Wednesday, January 22, 2020
Disease and Death :: History Journal Diary Essays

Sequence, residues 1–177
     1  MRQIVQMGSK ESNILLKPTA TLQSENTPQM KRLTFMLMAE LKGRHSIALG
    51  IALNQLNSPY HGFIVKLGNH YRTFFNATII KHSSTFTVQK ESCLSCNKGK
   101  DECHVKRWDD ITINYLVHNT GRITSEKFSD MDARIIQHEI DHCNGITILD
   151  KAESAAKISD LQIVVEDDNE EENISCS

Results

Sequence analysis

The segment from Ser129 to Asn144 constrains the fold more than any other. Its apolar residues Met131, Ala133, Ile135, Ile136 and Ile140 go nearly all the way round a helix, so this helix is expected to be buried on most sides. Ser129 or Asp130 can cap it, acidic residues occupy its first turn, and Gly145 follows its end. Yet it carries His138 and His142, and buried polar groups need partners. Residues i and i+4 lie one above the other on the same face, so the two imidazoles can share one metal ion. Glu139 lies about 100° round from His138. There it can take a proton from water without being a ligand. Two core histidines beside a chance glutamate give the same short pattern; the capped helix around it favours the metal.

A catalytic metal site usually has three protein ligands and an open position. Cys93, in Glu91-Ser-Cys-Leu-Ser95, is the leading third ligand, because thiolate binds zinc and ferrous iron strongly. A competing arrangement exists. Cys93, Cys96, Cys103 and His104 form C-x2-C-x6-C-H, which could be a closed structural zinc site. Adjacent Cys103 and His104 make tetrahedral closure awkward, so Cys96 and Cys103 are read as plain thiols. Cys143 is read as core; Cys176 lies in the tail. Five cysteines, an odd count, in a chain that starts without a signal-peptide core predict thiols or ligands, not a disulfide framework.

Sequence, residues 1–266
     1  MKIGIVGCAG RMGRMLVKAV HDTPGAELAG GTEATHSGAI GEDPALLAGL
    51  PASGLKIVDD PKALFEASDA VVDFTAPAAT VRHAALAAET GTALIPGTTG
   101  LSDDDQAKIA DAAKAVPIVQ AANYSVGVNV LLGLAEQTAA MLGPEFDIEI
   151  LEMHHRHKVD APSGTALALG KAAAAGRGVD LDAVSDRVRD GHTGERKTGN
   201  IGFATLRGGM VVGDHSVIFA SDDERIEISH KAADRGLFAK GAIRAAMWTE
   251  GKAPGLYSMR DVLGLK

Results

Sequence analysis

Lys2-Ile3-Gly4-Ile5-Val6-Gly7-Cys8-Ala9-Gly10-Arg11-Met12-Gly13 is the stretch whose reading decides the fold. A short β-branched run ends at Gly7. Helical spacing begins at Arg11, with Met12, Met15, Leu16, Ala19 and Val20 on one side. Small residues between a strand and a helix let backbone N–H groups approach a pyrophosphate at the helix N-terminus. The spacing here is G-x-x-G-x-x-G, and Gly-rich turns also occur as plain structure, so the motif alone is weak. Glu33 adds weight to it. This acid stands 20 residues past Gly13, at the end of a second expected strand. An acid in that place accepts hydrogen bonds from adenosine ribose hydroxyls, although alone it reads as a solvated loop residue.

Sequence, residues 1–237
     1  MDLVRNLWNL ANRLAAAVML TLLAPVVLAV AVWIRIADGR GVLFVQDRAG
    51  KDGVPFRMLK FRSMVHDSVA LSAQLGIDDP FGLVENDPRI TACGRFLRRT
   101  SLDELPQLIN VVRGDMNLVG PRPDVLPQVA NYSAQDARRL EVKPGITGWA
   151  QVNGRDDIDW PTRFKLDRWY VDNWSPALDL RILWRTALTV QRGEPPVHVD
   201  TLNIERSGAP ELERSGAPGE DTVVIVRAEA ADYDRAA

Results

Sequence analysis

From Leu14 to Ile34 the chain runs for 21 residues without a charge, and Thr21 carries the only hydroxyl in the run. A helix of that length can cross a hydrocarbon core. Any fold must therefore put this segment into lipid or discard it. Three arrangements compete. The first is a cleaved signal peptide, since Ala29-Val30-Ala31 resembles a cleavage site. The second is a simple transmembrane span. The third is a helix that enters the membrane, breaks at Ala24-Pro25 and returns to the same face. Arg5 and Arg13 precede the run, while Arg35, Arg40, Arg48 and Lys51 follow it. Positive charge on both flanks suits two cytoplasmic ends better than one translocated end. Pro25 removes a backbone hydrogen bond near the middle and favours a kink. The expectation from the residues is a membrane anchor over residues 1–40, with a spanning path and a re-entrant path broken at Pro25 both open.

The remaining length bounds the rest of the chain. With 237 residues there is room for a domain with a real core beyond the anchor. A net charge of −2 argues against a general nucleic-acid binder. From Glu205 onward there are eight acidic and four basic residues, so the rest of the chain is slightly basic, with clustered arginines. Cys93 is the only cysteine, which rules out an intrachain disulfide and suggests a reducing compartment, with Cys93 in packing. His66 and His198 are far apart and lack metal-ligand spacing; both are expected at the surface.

Disease and Death May 14th 1963: The jungles of Zaire are much more intimidating and humbling in person than in the brochure at the Peace Corps office. I have been dispatched here to assist in the quarantine and treatment of the locals and some wild life. While I am overcome with the beauty of the flora I can't help but ponder the sheer amount of insects and mosquitoes that this sort of environment can support... After a 5 hour bus ride into the forest we come to a clearing with clusters of lean-tos and make shift buildings. What once was a clearing for farm animals to graze and to grow crops is now a make shift graveyard and apparently the process of burying the dead has become too much of a burden on the bereaved and a funeral pyre burns day in and day out. The air of the village hangs low with the stench of death and burnt flesh while the wailing of those that have survived, thus far, greet the ears of the volunteers. The doctors have already set up a make shift hospital in the largest of the buildings and the volunteers are shown to the quarters and are expected to work right alongside the doctors as an informal nurse. May 15th 1963: I have estimated that the population of the village before the outbreak of this plague was roughly 500-750 inhabitants with an equal population of livestock. It appears that the cattle were afflicted first and were promptly skinned and burnt. The disease then ran its course into the herdsmen who were responsible for disposing of the cattle. The first case occurred a month ago when one of the skinners nicked a finger while skinning. As I gathered, from the translator who has been interviewing people since his arrival two weeks ago, that at first people thought the man just to have a common cold and headache but after a few days his eyes were filled with blood and he became hot to the touch. Then the skin became horribly bruised as if he had suffered some sort of terrible flogging. As the disease progressed his fever steadily increased seeming to cook him alive and the bruises filled with what one could only imagine as his own wretched blood trying to escape the b ody housing it.